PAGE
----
Photo courtesy of Flickr: dm74
The human brain is undoubtedly the most fascinating organ in our bodies. Even with all of the most advanced technologies, scientists and doctors still cannot precisely explain many processes performed by the brain. Our memories are not physical things. Rather it is a process through which the brain encodes information and details for storage and later retrieval. In this article we’ll explore the parts of the brain responsible for processing memories and find out how it all works.
The Brain and Memory
The brain has separate parts and can be described in three distinct sections: the cerebrum, the cerebellum, and the brain stem. The cerebrum makes up the bulk of the brain. It is made up of four different lobes: the frontal, temporal, parietal, and occipital lobes. Much of the cerebrum manages upper level tasks such as speech, emotion, reasoning, and sensory perception. The temporal lobe in particular also deals with some of these functions as well as memory. The cerebellum is primarily concerned with functions related to motor control, cognition, and balance. Apart from these tasks, it has an important role in processing our procedural (long term) memories.
The Memory Process
There are three main stages for forming and storing memories. After being exposed to external stimuli, our brains first need to encode the information to create a memory of it. Next, the information is stored and added to other banks of past memories. In the final stage, the brain attempts to retrieve a memory that has already been stored. In some cases the retrieval may be intentional, as when we purposely try to remember something. In other cases, the retrieval is unintentional and is simply triggered by a stimulus that matches something pertaining to the memory. For example, suppose a person drinks coffee for the very first time and spills it on themselves, creating a big mess and a burn on their skin. The next time they smell or taste coffee, it is highly likely that they will remember that previous incident, even if they were not intentionally trying to remember it.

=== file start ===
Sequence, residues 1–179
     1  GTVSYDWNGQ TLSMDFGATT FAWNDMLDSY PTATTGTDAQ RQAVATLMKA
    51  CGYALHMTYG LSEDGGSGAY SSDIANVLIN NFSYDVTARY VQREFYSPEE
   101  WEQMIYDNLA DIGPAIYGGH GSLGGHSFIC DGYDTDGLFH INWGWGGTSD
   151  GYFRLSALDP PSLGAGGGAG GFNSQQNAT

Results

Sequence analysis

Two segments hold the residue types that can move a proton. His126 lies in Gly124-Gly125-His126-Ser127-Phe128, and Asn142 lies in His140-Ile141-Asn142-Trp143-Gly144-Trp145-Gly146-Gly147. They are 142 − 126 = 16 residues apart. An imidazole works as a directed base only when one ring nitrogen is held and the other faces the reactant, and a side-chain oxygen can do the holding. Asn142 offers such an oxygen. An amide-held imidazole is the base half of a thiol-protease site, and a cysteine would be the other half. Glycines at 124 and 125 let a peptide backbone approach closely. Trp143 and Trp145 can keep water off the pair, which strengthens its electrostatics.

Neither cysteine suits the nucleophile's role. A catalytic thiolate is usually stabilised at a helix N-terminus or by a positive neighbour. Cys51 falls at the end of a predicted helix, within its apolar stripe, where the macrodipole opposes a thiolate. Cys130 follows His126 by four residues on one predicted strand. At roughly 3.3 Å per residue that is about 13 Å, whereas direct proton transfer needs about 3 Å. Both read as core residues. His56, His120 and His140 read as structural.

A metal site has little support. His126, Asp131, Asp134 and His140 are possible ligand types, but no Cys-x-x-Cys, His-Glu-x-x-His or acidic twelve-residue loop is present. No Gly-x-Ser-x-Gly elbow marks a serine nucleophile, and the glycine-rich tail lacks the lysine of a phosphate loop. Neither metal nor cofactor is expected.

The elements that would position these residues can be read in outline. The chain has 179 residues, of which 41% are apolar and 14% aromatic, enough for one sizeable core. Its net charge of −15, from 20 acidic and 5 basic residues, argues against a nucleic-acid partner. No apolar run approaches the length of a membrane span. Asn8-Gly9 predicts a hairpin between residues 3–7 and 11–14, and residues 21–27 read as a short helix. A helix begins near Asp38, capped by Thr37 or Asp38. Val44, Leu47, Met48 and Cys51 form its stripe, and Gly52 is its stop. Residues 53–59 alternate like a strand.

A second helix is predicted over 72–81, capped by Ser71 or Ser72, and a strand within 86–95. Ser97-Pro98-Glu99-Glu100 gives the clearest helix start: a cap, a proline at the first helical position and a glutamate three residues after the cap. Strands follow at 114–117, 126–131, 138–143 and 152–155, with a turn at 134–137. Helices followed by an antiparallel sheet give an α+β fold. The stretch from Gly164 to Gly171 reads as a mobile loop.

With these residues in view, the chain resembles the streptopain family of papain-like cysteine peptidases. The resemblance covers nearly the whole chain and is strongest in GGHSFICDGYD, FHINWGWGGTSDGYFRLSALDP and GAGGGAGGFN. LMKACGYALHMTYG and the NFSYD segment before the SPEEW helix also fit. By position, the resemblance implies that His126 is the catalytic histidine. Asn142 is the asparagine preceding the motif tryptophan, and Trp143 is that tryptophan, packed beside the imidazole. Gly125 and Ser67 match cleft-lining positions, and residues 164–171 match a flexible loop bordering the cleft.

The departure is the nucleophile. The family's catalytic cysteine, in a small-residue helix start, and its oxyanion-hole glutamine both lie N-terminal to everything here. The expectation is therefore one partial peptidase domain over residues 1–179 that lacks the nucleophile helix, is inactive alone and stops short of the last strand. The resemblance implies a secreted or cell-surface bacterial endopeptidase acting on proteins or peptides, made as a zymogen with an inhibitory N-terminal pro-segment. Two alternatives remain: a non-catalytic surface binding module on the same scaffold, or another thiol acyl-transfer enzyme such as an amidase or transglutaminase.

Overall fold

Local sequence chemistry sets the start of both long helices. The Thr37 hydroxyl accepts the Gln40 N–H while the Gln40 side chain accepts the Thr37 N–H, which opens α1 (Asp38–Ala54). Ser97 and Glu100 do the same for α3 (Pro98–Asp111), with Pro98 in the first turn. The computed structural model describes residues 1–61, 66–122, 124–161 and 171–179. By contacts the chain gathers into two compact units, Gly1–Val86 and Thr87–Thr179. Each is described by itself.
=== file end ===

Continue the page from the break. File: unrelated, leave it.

Types of Memory
Think about when we try to memorize a phone number just long enough to jot it down on a piece of paper. In this instance, we are using our short term memory. It is a type of working memory that lets us remember small amounts of information for a very brief period of time. Short term memory works best with audio input rather than visual. For example, if we repeat a phone number out loud, we are more likely to remember it rather than if we simply saw it in print. By contrast, long term memory is information that lasts with us for years. Sometimes it might even last a lifetime! While short term memory is typically associated with remembering small specific bits of data, long term memory focuses on larger scale events, feelings, or conversations. For example, if we think back to our first bike ride, or our first date, we would be recalling information stored in our long term memory.
Sometimes our memories can fail due to a number of reasons. One common cause is simply absentmindedness or failing to pay attention when we are exposed to some information. For example, if a person is thinking about the latest sports scores while their spouse asks them to pick up a few items from the grocery store, they will most likely forget the requested items when they arrive at the store. Transcience is another common cause of memory problems. In this case, our memories simply fade or degrade over time. Transcience can cause us to end up with memories where we can remember a rough version of an event, but without all of the exact details. As people age, they can succumb to diseases like Alzheimer’s Disease or Creutzfeldt-Jakob Disease, which also cause the onset of memory loss or failure.
Tips to Improve Memory
For young and old people alike, there are many strategies and mental exercises we can do to help us improve our memories. When trying to memorize specific data, for example when studying for an exam, it helps to break down the information into smaller, relatable chunks. Other memory aids include using mnemonics, pegwords, or creating a story around the information.